According to Aristotle, the aim of tragedy was to evoke pity and fear by watching a noble character have his life torn apart through a series of tragic incidents, fueled by character flaws; on the other hand, Migdalia Cruz's play El Grito Del Bronx (a New York University mainstage production) places a serial killer at the crux of the tragic formula. But by joining the story of a killer with the story of his sister, by pairing his cruelty with his tender love, and by showing the roots of his past, this story manages to evoke pity, fear, and even humor.
The play begins by splitting the story between Jesus and his sister Magdalena into two sections, one taking place in 1977 and the other taking place in 1991. In 1977, Jesus (Anthony Souza) and his sister Magdalena (Monserrat Barrera) watch their mother Maria (Nicole Ramos) being abused by their father Jose (Norberto Briceno). In 1991, Jesus is now named Papo (Ismael Enrique Cruz Cordova) and is in prison for a string of murders. Meanwhile, Magdalena, now called Lulu (Audrey Esparza) is attempting to move on with her life with her fiance Ed (Alex Fast).
This production arrives to existence from last spring's Hot Ink Festival, which stages readings of new plays from across the globe. The school was right to recognize the potential of Cruz's work, although it might have been profited by pushing Cruz to rewrite some of the earlier scenes. One of Cruz's talents is an ability to shift from tragedy (of which there is much in this play) to humor and back in short spans of time. Usually this is effective, both in preventing a dreary march of constant sadness and in humanizing characters who without these moments of humor would be unsympathetic, but in the beginning of the play this shift happens often too rapidly, lurching from humor to abuse without giving the audience time to adjust. The early part of the play also has other problems in the way it is produced; director Candido Tirado chooses to portray a rape onstage, but it seems shoehorned into the moment, and is not properly dealt with.
But the production is overall powerful and touching. One of the most striking, successful elements is the set design provided by Andy Yanni. Eschewing the usual floorplan of the Loewe Theater which this Mainstage took place in, Yanni chose to create a long, narrow set which heightened the tensions and created distinct separations between the 1977 plot on one side and the 1991 plot in the middle and the other side. The prison which Papo is serving his sentence is especially effective; it is a long and thin set which rotates to change the diagonal of the space.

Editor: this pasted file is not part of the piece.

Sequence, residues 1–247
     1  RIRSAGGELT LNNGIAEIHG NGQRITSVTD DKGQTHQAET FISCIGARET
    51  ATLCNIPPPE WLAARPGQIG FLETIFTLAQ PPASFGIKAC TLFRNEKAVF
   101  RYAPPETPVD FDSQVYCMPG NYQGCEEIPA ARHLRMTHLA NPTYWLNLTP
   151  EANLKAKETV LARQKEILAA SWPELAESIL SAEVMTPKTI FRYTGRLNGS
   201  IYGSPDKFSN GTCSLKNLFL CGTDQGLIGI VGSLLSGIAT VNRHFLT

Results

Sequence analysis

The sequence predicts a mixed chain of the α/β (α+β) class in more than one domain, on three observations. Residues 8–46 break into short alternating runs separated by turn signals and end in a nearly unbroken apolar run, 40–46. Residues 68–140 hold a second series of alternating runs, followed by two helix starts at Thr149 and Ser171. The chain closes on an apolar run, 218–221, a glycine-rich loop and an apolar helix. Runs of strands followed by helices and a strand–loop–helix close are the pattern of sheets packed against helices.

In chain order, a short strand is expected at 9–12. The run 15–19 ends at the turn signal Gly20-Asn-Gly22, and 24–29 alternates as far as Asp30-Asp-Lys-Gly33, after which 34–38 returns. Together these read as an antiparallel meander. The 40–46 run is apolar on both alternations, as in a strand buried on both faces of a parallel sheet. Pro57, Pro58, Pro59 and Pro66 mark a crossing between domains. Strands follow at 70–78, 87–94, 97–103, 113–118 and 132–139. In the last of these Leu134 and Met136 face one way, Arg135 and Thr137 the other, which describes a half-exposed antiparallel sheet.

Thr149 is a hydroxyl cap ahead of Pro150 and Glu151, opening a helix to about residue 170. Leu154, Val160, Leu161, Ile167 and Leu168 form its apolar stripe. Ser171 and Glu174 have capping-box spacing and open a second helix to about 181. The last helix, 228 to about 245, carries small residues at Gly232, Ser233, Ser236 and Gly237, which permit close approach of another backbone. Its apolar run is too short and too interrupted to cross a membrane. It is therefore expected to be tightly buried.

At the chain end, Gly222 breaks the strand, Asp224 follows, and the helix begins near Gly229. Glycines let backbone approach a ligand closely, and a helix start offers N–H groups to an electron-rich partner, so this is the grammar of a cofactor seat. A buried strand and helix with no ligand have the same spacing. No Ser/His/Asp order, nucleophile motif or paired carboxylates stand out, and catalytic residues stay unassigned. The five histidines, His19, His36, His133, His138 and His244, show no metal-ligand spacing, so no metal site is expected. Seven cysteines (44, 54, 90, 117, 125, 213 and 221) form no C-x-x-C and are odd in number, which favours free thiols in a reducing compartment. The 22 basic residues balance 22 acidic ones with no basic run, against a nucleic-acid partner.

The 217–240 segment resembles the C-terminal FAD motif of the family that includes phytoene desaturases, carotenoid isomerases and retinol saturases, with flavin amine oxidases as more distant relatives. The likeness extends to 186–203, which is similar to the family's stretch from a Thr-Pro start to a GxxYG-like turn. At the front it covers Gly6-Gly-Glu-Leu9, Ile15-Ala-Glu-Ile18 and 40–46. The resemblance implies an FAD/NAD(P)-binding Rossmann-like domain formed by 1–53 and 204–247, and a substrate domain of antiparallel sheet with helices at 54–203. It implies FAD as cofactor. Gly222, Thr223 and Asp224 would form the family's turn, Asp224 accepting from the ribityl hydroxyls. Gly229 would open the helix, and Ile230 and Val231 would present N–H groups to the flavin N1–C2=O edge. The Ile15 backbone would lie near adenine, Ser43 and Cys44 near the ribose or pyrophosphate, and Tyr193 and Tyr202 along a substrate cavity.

By far the most effective element of the production was the high caliber of performance from most of the cast. Although Audrey Esparza's Lulu was somewhat histrionic and at times tiring, Ismael Cordova's Papo was a stunning and gut-wrenching performance. It is difficult to encapsulate both violence and tender love; Cordova's Papo had not only both but even managed to eerily demonstrate them at the same time. Papo's cellmate, played by Josh Segarra, was a fantastic addition to the production. His stage presence was imposing and his gentleness and strength was a fantastic complement to Papo. The three mothers in the production, played by Stacy Osei-Kuffor, Morgan Lynch, and Nicole Ramos each brought a very different pathos to the production, whether it was Osei-Kuffor's haunting lack of comprehension in the face of tragedy, Lynch's sad humor, or Ramos' all-forgiving love.
There were many "hot-button" issues throughout El Grito Del Bronx; spousal abuse and its effect on its victims, the criminal justice system, and racial relations between the latino community and its neighbors. El Grito Del Bronx did not treat them as subjects to be expounded on, but rather as facts of life which establish a backdrop of the deeply personal life of a single family. The only statement on politics which El Grito Del Bronx seemed to state unequivocally was that all of politics comes down to human lives, that all of these issues are mixed in a deeply woven tapestry of emotion. And although the characters have a wide pantheon of groups to blame, whether justly or unjustly, the most tragic thing about El Grito Del Bronx is that in the end, there is no one to unload blame on or to completely absolve.